Please bear with me on this one.
We know that GPUs have no scalar capabilities. We look at work units as threads, make some small constraints on how to organize them, and voila! we have an insanely fast, optimized program without even taking vectorization into account. In fact, we took care of vectorization when we took care of the aforementioned “small constraints”.
Now let’s take the case of Progagod, a fictional russian programmer. He hears of OpenCL, and, during the weekend, he ports his simulation program to OpenCL. He uses OpenCL on the CPU, an everything works as expected, he also tests it on some Cell processors at work, no problem. Then Progagod hears about how ultra-fast GPU’s are, he takes some an tests them. he gets pathetic performance.
What happened is that Progagod’s program had no way of knowing that the CUDA “warp size” is 32, and that each compute unit needs at least 32 CUDA “threads”. It checked CL_DEVICE_PREFERRED_VECTOR_WIDTH_FLOAT (reported as 1) and CL_DEVICE_MAX_COMPUTE_UNITS to determine how to spread calculations across. I believe CL_DEVICE_PREFERRED_VECTOR_WIDTH_FLOAT should really be reported as 32, not 1 by OpenCL. There is no other way to use clGetDeviceInfo to fins the warp size, which is in fact the vector width of these massive vector machines. The only other way is hard-coding, which is both non-portable and a tad bit ugly.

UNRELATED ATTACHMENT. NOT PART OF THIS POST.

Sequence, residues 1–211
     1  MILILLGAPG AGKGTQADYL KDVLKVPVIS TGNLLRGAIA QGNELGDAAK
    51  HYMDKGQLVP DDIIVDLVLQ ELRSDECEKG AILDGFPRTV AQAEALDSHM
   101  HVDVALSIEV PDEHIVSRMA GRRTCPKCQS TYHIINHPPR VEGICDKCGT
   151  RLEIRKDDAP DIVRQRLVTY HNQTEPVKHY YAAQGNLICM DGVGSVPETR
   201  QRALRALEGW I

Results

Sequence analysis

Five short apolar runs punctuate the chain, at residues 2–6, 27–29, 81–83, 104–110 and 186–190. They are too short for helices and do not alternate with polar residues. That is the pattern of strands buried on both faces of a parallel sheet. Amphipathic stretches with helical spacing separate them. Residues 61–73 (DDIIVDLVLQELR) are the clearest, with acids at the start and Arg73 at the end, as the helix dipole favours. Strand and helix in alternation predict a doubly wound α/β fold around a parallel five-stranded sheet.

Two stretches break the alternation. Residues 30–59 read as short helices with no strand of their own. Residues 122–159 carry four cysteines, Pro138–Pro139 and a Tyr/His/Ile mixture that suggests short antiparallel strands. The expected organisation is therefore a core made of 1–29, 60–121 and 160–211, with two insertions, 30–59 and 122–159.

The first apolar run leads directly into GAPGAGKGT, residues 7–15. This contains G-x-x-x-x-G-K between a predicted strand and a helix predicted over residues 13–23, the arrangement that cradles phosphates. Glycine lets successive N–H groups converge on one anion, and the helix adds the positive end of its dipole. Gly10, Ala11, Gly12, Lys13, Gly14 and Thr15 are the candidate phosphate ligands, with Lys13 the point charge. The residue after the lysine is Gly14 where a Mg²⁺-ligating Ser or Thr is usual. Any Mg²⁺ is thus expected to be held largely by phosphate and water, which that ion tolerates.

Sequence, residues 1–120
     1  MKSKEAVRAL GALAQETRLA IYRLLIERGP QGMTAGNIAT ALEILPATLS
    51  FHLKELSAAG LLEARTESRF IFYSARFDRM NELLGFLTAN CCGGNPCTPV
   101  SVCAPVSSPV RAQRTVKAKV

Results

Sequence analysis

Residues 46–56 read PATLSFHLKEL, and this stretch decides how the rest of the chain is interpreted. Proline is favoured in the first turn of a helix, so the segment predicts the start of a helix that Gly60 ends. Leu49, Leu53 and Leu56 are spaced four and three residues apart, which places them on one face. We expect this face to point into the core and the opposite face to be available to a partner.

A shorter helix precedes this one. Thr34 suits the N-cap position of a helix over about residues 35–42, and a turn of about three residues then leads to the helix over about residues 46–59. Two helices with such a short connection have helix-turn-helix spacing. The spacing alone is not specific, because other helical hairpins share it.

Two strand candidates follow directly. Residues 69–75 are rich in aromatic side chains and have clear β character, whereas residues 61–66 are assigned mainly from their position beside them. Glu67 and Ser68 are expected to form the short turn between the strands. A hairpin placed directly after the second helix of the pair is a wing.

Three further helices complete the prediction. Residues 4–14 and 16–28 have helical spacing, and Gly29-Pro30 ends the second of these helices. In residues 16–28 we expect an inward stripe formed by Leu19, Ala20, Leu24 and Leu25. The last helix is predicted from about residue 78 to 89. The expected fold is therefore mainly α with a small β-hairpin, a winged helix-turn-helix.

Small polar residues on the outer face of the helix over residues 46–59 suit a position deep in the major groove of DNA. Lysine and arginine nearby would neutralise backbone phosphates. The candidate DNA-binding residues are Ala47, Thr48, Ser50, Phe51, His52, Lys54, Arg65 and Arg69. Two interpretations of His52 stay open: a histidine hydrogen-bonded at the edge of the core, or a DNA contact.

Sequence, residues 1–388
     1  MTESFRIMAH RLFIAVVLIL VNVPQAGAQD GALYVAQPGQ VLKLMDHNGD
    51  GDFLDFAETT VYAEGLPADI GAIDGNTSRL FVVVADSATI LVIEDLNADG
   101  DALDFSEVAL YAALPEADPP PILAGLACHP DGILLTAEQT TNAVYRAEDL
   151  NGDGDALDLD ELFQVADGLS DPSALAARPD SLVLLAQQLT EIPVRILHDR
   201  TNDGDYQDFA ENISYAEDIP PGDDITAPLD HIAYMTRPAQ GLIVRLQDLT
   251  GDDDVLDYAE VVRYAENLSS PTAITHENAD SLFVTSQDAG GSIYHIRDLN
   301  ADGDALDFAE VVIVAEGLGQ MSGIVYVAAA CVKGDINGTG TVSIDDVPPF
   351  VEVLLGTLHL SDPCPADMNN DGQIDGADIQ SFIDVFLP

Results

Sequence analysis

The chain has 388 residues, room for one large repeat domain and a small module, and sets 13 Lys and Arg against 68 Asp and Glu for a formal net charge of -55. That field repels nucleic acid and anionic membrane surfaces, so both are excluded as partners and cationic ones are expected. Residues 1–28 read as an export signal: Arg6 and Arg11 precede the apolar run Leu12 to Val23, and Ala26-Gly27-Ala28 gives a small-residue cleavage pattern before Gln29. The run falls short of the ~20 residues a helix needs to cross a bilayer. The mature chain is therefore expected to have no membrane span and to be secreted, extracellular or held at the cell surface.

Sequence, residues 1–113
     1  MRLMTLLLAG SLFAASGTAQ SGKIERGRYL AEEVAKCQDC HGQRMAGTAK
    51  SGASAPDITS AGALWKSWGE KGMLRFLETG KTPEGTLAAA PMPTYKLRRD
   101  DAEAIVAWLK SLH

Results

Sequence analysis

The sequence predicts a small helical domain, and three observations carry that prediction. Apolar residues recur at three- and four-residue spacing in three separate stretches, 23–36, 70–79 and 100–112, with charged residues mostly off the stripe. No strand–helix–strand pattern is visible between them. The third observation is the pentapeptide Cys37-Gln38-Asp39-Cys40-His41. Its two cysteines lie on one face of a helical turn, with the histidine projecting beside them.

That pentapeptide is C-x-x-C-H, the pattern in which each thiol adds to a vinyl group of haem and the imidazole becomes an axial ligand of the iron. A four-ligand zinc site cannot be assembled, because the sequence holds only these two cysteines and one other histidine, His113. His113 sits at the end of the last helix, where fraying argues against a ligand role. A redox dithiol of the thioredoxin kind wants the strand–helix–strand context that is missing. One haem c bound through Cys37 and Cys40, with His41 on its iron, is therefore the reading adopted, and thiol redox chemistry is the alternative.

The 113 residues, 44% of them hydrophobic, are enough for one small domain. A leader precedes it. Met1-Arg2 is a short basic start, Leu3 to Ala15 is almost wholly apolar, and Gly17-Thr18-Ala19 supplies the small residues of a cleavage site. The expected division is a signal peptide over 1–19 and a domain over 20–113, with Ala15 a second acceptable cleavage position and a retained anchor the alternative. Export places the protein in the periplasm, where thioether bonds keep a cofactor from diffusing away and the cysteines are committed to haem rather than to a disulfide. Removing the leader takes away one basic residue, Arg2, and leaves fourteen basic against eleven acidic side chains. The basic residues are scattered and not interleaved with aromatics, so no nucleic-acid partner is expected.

AMD’s CPU implementation reports CL_DEVICE_PREFERRED_VECTOR_WIDTH_FLOAT as 4 and CL_DEVICE_PREFERRED_VECTOR_WIDTH_DOUBLE as 2, which is what it in fact is.
Is there a way to get the warp size, or information about it from OpenCL, or is this a problem that may have gone unnoticed?